Lost In Yonkers

Lost in Yonkers

A Columbia Pictures full-length movie filed in Ludlow in 1992. The production was based on the Neil Simon Pulitzer Prize winner play by the same name. The film starred Richard Dreyfuss and Mercedes Ruehl.

Columbia Pictures officials chose Ludlow for the film, which is set in 1940’s Yonkers, New York. Officials were impressed with Elm Street’s intact architecture, the rolling green hills in the background and its location on the river.

Film officials transformed several blocks of Elm Street for filming. The crew constructed a temporary two-story candy store/apartment building on the parking lot of the Dairy Mart (northwest corner of Kenner and Elm Streets). The Dairy Mart itself was transformed into a 1940’s gasoline service station. Farrell’s Pharmacy received a new 1940’s era awning and a new advertisement sign painted on the Kenner Street side of the building. The New Game in Town received a new paint job and a sign, as did the Gooch Jewelry Shop and Muriell’s Antiques. The film crew built a false front for the old Goody’s Meat Market and transformed Kessler’s doctor’s office into a kosher butcher’s shop.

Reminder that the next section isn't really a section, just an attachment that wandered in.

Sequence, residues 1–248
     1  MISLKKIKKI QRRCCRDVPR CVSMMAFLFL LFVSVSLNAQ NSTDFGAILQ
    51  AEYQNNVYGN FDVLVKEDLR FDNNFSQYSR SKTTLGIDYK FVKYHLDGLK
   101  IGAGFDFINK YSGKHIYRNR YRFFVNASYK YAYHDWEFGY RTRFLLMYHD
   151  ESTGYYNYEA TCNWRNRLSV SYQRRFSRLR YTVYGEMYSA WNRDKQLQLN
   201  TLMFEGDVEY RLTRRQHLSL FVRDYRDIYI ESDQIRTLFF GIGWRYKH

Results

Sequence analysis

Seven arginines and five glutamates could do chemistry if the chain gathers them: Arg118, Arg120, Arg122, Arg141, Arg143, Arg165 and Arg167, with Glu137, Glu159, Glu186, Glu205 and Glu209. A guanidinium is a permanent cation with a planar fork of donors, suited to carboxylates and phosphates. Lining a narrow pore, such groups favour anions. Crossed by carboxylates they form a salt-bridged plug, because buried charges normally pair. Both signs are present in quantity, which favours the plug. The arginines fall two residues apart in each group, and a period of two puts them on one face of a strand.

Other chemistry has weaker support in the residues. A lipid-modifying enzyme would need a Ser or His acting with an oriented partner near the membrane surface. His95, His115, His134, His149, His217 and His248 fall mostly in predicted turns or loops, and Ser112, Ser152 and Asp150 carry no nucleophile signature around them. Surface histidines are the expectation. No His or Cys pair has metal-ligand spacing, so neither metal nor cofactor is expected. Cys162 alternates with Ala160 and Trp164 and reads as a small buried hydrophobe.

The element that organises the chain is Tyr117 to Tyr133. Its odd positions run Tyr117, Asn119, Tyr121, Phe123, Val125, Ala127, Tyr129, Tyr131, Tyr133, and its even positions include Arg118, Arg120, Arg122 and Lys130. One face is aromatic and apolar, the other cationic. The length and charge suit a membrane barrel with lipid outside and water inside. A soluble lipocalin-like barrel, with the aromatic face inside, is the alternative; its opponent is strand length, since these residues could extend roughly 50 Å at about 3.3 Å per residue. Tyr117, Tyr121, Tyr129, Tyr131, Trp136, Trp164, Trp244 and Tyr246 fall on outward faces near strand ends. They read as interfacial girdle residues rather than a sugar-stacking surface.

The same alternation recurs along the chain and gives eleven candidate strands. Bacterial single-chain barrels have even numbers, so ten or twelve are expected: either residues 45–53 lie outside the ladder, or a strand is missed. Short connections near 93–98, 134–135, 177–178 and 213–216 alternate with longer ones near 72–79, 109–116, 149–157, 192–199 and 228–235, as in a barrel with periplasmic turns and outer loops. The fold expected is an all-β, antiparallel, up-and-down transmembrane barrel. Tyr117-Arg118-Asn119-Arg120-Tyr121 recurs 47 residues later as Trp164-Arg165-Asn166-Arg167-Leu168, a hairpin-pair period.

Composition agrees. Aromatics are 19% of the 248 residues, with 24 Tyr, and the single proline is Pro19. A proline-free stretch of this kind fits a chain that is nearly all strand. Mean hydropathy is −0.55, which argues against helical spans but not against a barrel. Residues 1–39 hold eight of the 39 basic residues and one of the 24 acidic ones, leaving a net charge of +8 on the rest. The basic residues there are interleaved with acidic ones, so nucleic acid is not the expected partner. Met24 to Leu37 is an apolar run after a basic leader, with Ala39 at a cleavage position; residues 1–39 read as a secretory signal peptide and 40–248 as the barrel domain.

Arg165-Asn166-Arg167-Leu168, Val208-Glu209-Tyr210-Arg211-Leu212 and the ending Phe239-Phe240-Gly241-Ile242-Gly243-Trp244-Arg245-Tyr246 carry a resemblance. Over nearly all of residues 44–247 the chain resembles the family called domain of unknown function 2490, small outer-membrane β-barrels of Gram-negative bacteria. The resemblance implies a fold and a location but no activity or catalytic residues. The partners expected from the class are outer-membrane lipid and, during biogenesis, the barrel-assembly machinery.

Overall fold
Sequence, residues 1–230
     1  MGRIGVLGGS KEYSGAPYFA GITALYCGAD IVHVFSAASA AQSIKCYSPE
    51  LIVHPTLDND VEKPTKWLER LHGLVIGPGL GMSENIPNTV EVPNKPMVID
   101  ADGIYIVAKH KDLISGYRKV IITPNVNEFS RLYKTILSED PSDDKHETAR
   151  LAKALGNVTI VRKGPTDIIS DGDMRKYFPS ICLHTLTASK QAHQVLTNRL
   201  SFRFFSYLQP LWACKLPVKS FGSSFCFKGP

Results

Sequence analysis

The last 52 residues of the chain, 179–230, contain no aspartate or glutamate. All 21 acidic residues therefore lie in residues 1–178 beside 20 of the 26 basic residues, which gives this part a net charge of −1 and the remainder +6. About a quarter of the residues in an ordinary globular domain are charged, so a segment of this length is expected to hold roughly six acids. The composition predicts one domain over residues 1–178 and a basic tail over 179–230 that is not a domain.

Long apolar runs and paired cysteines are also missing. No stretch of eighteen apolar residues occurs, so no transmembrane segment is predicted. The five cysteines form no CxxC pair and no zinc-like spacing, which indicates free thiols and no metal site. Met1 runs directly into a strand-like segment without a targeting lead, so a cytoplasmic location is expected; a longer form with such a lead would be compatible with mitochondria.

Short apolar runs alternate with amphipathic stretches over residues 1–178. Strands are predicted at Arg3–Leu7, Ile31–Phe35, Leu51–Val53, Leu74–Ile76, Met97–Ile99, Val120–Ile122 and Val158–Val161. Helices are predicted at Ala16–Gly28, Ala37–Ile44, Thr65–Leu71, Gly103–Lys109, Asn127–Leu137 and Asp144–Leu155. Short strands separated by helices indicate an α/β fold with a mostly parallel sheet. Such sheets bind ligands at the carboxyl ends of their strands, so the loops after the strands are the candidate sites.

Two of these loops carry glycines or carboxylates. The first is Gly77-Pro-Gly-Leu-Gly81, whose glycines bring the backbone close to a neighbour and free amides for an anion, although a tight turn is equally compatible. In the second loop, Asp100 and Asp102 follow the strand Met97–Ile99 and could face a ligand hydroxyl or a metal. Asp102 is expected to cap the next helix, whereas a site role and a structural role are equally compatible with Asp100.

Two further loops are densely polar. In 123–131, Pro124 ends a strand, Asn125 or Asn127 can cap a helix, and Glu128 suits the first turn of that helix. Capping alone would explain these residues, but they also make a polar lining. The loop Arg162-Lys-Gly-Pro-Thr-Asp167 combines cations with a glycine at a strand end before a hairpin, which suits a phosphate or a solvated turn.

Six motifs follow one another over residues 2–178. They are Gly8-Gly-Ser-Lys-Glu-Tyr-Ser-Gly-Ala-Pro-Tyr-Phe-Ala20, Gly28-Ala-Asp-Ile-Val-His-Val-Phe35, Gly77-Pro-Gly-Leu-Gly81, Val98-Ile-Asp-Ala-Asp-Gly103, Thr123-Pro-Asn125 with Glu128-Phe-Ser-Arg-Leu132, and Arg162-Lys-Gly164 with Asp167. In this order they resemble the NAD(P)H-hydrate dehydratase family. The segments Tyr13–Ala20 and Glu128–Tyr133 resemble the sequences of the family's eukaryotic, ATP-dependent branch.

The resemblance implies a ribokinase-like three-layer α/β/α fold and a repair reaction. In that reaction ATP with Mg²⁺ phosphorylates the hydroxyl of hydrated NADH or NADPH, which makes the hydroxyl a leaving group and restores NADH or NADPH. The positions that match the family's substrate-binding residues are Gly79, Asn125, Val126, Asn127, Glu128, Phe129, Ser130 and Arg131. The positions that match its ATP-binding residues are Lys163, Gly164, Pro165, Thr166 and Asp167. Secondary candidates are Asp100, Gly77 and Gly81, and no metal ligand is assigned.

The crew’s attention to detail was extraordinary. To make the area look even more realistic, they placed an artificial cobblestone pavement over Kenner Street, planted victory gardens in several resident’s back yards and installed picket fences in several yards. A number of Ludlow residents were paid to remove television antennas and air conditions from their property (just in case that might be seen by the cameras).

Sts. Boniface and James Parish Center on Oak Street housed the wardrobe department and a lounge and cafeteria for the cast and crew. The building housed hundreds of 1940’s era costumes.

Filming began in August 1992, and lasted until early September. Filming in Ludlow occurred on 20 days (six days a week and often 12-14 hours per day). Over 800 local residents were hired as extras for filming.

Cincinnati Post, August 4, 1992, p. 1B and August 10, 1992, p. 1A and 1B; Kentucky Post, September 21, 1992, p. 1K.

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